Sun, August 22, 2010
World > Asia-Pacific > 2010 Australian election

Australian PM begins negotiations with independents to form gov't

2010-08-22 08:48:38 GMT2010-08-22 16:48:38 (Beijing Time)  Xinhua English

Combination picture shows Australian Prime Minister Julia Gillard (L) and federal opposition leader Tony Abbott as they cast their votes in Australia August 21, 2010. (REUTERS/Mick Tsikas and Rick Stevens)

MELBOURNE, Aug. 22 (Xinhua) -- Australian Prime Minister Julia Gillard on Sunday seized the initiative to try to form government, beginning preliminary negotiations with the Australian Greens and independent Member of Parliaments.

"It's my intention to negotiate in good faith an effective agreement to form government," Gillard told reporters in Melbourne on Sunday.

Australia is facing the prospect of a hung parliament, the first since 1940, after neither Labor nor the coalition had the 76 seats to form government in their own right.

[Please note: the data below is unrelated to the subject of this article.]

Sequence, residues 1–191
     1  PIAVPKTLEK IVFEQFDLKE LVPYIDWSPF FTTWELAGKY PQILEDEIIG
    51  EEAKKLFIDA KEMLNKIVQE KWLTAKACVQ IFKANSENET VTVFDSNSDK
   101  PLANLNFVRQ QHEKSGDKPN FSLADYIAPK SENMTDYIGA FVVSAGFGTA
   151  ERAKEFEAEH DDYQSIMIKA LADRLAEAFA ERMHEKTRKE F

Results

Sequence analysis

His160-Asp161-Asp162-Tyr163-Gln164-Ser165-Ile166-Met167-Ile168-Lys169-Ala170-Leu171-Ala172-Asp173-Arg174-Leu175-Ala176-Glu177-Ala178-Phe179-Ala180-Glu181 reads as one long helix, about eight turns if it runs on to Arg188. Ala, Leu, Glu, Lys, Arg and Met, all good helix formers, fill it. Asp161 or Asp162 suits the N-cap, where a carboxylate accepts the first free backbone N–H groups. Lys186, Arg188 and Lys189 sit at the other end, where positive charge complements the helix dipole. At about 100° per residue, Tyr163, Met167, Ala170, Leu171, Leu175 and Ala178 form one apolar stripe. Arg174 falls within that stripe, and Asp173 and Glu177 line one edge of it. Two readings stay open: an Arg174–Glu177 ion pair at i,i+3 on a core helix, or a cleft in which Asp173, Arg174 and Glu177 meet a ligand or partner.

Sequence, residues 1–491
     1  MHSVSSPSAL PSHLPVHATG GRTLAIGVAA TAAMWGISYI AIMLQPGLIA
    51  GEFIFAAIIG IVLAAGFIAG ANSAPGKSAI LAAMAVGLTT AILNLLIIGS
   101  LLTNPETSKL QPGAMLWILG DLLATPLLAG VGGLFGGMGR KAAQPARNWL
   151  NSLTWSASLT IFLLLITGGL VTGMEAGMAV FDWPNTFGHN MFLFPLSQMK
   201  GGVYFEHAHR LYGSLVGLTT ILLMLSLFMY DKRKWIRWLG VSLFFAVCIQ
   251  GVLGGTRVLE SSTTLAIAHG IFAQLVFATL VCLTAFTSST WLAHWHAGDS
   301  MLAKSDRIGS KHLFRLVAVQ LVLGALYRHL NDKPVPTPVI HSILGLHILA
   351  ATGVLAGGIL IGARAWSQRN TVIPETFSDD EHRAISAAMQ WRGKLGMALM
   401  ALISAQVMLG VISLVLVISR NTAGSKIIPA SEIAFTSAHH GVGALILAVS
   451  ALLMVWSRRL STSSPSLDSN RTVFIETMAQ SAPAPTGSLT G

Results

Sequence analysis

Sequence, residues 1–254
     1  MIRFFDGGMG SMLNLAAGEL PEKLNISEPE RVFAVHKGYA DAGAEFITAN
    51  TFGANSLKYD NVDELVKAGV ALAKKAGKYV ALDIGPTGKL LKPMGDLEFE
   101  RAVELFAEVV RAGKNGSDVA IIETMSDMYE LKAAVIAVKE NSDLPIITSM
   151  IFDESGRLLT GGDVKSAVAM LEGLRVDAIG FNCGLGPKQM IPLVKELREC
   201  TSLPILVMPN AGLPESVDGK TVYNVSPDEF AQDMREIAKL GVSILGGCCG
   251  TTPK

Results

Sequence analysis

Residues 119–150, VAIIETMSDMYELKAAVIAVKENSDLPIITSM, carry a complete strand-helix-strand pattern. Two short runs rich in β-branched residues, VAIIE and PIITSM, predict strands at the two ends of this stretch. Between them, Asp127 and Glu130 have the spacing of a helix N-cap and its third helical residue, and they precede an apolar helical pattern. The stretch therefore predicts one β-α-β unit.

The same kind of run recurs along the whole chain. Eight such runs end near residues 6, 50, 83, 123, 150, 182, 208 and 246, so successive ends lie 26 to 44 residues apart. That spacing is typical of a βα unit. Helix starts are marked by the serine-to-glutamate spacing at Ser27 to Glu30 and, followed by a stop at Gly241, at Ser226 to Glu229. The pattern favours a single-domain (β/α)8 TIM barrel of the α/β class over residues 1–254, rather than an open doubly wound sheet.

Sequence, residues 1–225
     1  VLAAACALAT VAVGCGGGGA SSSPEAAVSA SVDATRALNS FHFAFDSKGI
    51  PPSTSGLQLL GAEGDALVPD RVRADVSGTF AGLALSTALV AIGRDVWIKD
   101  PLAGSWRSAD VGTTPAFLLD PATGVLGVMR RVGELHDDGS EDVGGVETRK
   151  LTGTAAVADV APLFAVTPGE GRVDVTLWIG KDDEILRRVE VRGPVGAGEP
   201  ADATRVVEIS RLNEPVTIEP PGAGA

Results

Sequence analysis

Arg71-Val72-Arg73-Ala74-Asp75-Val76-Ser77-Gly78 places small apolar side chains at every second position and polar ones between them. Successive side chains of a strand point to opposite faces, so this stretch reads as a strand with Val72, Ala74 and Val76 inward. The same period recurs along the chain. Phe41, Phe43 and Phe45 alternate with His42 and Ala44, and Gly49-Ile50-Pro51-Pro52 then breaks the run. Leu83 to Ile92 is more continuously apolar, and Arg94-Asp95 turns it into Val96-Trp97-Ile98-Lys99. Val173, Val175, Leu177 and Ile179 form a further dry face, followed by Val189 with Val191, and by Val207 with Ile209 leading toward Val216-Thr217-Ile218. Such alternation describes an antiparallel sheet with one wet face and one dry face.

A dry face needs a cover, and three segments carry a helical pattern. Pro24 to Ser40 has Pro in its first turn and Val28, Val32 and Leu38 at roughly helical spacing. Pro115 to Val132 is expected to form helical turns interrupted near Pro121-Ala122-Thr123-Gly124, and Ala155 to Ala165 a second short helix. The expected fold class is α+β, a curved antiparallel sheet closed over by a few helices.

A final result for Saturday's election is unlikely to be known for days.

The Prime Minister said that it was now clear that the Labor Party had won the popular vote and this should be weighed carefully by independents who would now help decide which party governed.

Voters had clearly sent a message calling for a change in the way politics in Australia was conducted, she said, adding that pledging to consider reforms to Parliament, including how question time was conducted.

"That is the conclusion. The Australian people are talking about changing politics,"Gillard said.

According to Australian Associated Press, Gillard has already spoken by telephone to re-elected independents, Tong Windsor, Rob Oakshott and Bob Katter, as well as a possible fourth independent, Andrew Wilkie in Tasmania.

She has also met Greens' member of parliament, Adam Bandt, who has won snatched the seat of Melbourne from Labor, as well as the Greens party leader Bob Brown in Melbourne.

Gillard pointed out that no party will be able to pass legislation in the Senate, without the support of the Greens and the other major party.

So far, the Australian Electorate Commission has counted 78 percent of the election votes, with Labor and Liberal/National Party both win 70 seats.

On a two party preferred vote, which has counted 74.76 percent votes, Labor has been leading 50.68 percent against the 49.32 percent of Liberal/National Party.

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